idiggory, King of Bards wrote:
Yes, all the other links I edited into my post were college-specific. Some say 1 in 5, some say 1 in 4. Either way, it's far, far higher than 1 in 12.
Except those numbers didn't come from actual studies.
How extensive is rape among college women? wrote:
[...]the data suggest that nearly 5 percent (4.9 percent) of
college women are victimized in any given calendar year. Over the course of
a college career—which now lasts an average of 5 years—the percentage of
completed or attempted rape victimization among women in higher educa-
tional institutions might climb to between one-fifth and one-quarter.
18. These projections are suggestive. To assess accurately the victimization risk for
women throughout a college career, longitudinal research following a cohort of
female students across time is needed
Every study, ever, uses statistical projections. And, yes, the more data you have over time makes for a better study.
That doesn't invalidate this research. That's an absurd
All it says is that research with more data points would be preferable. In this case, the two principle questions that would need to be answered are whether or not the rate of rapes remains stable across years (which, given that each of these studies WAS conducted in different years, I'm guessing is either stable or on a slight decline), and the rate at which rapes are committed against victims previously targeted (which, if meaningful, would obviously influence the statistic with regards to number of women).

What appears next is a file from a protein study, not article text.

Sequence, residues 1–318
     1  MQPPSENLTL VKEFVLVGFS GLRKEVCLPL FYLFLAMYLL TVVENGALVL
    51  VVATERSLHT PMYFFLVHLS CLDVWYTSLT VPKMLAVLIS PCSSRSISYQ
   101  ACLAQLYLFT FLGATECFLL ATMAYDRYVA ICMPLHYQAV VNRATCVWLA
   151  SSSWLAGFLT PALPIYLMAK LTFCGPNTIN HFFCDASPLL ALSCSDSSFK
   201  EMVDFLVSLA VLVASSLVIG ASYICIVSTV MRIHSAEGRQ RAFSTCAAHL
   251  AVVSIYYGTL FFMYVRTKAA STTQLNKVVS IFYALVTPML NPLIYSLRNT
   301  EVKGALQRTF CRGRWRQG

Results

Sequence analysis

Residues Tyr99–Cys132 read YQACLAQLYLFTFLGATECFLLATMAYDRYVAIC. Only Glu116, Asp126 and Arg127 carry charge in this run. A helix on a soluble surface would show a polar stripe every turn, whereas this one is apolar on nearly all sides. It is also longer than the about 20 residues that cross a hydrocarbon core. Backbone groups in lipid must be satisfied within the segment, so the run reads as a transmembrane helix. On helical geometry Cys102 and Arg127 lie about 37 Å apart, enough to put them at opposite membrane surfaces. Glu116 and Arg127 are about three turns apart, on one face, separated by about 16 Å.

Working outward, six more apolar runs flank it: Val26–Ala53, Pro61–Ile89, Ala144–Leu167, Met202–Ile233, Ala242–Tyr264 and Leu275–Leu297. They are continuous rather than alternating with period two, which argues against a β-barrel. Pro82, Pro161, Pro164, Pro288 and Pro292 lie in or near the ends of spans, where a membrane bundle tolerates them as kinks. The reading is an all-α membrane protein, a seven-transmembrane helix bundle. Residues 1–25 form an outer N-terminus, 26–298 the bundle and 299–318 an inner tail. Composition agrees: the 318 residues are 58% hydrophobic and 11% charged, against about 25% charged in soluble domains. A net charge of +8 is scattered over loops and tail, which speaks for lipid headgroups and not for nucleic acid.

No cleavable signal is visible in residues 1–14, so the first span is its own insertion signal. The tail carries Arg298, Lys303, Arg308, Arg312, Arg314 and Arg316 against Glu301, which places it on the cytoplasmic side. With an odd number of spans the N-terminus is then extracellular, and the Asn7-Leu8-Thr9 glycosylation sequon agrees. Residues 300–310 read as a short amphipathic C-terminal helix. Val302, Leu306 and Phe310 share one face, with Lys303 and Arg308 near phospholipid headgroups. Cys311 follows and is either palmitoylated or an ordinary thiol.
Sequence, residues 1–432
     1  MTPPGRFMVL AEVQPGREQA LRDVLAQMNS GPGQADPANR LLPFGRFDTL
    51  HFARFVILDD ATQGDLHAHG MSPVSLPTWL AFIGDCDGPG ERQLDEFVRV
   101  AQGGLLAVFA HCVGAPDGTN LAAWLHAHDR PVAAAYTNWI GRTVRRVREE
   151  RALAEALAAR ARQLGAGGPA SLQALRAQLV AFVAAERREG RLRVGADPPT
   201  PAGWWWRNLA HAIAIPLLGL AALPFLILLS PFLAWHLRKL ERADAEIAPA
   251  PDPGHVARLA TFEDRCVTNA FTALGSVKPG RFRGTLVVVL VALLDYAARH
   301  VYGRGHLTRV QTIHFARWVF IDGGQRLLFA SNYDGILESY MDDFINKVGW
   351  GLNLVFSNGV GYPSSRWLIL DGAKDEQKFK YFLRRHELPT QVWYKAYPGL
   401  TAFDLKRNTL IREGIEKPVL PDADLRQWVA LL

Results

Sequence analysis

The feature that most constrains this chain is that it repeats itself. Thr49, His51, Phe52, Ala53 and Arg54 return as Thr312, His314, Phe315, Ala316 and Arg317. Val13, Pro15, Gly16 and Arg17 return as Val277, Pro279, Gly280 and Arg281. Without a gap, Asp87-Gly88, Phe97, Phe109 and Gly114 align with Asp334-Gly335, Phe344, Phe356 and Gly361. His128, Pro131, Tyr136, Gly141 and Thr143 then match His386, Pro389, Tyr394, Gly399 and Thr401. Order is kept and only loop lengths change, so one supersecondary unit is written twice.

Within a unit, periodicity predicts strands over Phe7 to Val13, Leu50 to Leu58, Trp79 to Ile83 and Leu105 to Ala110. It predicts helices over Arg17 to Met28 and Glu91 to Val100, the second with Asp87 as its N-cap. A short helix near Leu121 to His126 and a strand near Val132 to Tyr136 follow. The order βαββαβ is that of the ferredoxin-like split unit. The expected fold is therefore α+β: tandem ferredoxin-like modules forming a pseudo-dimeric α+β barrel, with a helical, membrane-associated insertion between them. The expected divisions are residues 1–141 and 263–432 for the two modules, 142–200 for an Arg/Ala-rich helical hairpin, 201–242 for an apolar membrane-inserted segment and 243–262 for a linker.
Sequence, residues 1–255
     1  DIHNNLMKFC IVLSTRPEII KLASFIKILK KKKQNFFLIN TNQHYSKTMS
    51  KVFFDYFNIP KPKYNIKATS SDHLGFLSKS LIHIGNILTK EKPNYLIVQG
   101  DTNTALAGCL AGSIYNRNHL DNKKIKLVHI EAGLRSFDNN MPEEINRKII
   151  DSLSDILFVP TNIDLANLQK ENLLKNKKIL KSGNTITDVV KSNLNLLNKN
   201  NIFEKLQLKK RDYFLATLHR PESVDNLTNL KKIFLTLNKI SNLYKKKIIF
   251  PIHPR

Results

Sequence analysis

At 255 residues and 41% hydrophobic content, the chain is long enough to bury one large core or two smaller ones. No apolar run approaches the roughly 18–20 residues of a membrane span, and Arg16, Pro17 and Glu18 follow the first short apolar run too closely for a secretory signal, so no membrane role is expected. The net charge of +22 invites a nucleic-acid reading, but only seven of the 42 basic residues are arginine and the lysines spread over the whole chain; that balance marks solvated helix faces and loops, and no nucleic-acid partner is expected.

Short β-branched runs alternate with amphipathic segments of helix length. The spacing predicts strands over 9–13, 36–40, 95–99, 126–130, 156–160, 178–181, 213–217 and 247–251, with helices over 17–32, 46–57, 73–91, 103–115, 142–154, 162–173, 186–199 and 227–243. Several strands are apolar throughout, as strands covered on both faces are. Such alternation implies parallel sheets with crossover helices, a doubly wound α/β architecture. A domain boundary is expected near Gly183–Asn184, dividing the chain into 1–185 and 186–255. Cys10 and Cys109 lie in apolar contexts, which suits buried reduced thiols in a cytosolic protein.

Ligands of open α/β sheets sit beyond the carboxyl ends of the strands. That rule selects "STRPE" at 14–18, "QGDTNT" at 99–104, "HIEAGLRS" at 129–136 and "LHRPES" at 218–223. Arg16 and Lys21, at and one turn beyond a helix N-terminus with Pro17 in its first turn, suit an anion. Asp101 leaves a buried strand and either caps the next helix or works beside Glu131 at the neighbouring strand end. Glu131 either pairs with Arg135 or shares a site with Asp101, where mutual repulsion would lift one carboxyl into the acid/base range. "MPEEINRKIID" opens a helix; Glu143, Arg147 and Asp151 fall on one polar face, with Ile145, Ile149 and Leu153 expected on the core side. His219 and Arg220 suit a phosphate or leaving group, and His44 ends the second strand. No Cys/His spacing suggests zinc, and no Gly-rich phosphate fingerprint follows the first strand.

Also, the fact that they recommend further study isn't a flag for concern, it's basic procedure. Every study will end with a discussion of challenges they faced, how they addressed those challenges (if they could), and all factors that could affect their conclusions. They will supplement this with a call to action with regards to topic areas where data is lacking. For a study on something like this, longitudinal data is the natural conclusion. As it is for every study with an open-ended timeline. It's built into the central concept.
And I'm willing to trust Kakar's link that the rate of assault is 1 in 3 for women in the military. The same link says it's 1 in 6 for civilians.
That said, the link does NOT say that 1 in 3 women in the military are raped while in the military, while on duty, by service members, etc. And to be clear, I'm talking about the item they actually cited, which has a link in their references section.
It's specifically stating the population of female veterans, 1/3 of which report a history of sexual abuse when they initially join (according to that same source).
You're completely ignoring the fact that there may be a significant correlation between past assault and a desire to join the armed forces.
The only statistics that source cite with regards to rapes internally is that estimates range from 20% to 48%. So, 1 in 5 (roughly civilian) to about 1 in 2 (way worse than civilian). College rape frequency is almost certainly higher than with civilians. Maybe it's lower, maybe it's higher. I don't really care which is the worse environment. Because my only point was that discouraging a young woman from entering into the armed forces because there's potential she could be raped is absurd when the clear alternative, college, is (at best) almost just as bad.
I'm inclined to believe it would be far healthier to give her your encouragement with whatever career path she chooses, with eyes wide open, so that if (god forbid) something terrible happens, she's not faced with a culture of "I told you so."
Also, no, I refused to respond to Alma because he was being a pig. Edited, Jun 4th 2013 10:36pm by idiggory